Fleets advised to keep eye on fuel management despite falling pump prices
The message comes from The Fuelcard People as the price for Brent crude fell below $40 per barrel for the first time in six years.
Steve Clarke, group marketing manager, said: “We expect continuing global price drops to be reflected at the pumps, with the RAC predicting a sub-£1 litre by Christmas. Any saving soon disappears, though, when drivers go off-route to hunt for bargains. Meanwhile, most of the price is accounted for by taxes and, if you have the wrong fuel card, transaction charges.”
He pointed out that a driver going three miles and back to a ‘cheaper’ forecourt, saving 1p per litre, could need to pump 60 litres just to recoup the fuel used for the diversion. “It can become a game between colleagues,” he said, “with drivers competing to boast of how little they pay to refuel. As they are not responsible for the bills, it does not bother them how far off-route the ‘winning’ can take them. With the right fuel card, they should not need to divert at all to save on pump prices.”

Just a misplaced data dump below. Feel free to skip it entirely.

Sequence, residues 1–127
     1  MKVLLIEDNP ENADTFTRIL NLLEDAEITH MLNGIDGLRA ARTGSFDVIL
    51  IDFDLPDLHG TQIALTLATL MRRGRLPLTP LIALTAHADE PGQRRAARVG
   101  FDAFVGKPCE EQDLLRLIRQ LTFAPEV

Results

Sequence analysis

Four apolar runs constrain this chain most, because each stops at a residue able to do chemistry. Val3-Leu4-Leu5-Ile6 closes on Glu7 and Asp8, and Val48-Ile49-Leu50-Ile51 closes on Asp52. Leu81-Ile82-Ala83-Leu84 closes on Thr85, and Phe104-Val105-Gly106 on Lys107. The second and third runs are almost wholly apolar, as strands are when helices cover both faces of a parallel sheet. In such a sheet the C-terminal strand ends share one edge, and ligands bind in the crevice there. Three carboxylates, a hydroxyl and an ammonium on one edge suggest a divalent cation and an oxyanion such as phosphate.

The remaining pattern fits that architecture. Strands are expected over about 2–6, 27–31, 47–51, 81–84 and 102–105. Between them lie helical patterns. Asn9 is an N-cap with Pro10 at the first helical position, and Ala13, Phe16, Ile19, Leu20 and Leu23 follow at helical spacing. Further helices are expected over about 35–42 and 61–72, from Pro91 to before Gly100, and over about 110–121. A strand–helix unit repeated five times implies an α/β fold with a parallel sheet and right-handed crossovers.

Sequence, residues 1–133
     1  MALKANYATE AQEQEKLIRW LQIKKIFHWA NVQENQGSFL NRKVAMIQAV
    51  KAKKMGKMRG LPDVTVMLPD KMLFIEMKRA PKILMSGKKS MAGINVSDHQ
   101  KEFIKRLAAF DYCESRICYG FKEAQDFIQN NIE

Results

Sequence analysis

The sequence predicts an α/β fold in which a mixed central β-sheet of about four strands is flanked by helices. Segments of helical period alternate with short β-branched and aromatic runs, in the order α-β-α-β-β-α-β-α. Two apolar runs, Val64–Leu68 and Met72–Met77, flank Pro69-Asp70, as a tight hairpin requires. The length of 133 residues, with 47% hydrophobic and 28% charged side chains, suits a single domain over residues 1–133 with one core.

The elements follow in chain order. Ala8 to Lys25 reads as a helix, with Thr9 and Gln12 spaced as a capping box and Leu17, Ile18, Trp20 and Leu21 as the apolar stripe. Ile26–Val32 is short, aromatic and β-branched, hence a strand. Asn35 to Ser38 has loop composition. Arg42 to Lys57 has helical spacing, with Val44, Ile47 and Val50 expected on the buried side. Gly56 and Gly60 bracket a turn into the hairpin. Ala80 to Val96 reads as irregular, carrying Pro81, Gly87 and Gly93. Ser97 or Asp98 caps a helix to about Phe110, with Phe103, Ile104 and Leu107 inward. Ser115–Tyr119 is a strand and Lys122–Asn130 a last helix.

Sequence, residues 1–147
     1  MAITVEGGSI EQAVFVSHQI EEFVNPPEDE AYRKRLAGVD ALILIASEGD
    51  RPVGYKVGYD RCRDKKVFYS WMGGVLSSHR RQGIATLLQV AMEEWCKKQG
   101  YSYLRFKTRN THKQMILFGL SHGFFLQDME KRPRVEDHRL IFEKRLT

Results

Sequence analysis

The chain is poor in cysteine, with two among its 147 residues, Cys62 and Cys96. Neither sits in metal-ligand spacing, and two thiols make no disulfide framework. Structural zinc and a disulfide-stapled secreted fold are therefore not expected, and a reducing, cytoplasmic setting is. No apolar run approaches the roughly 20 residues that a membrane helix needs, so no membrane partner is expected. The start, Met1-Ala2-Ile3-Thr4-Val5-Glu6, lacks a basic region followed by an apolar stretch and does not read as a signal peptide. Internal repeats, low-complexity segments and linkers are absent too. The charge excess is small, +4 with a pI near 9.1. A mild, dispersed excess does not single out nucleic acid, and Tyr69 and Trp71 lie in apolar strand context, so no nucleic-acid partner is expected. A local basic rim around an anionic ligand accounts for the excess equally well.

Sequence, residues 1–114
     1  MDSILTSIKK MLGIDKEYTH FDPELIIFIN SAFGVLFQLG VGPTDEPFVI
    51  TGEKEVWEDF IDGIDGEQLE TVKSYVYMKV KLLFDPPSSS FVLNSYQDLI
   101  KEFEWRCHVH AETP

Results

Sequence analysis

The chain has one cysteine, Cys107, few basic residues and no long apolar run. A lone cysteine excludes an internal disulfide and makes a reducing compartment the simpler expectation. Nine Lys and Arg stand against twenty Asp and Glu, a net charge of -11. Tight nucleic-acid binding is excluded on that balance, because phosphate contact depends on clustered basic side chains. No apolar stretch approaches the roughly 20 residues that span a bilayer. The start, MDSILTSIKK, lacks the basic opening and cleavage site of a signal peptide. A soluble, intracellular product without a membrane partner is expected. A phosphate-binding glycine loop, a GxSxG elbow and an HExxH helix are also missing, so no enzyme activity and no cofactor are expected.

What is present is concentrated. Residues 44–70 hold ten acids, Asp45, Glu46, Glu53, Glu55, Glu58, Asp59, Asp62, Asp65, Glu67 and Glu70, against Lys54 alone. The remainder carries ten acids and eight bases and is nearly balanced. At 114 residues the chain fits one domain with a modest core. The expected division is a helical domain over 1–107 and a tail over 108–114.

Clarke added that fuel cards offering fixed weekly pricing can generally beat pump prices no matter where a driver refuels.
“Some fleet managers may not realise that most ‘pump price’ fuel cards are nothing of the kind. It is common for a transaction charge, £2 or more, to be added regardless of the quantity bought,” he said. “If a ‘pump price’ forecourt is 1p per litre cheaper than neighbouring fixed-price alternatives, you could need to buy at least 200 litres just to break even.”
Fuel cards are not all the same and fleets all have differing refuelling needs. Clarke commented: “This is the perfect time for any fleet manager to reassess their needs and compare the whole fuel card market. Ideally, they should talk to a supplier that can offer both fixed-price and pump price options, to avoid costly compromises.”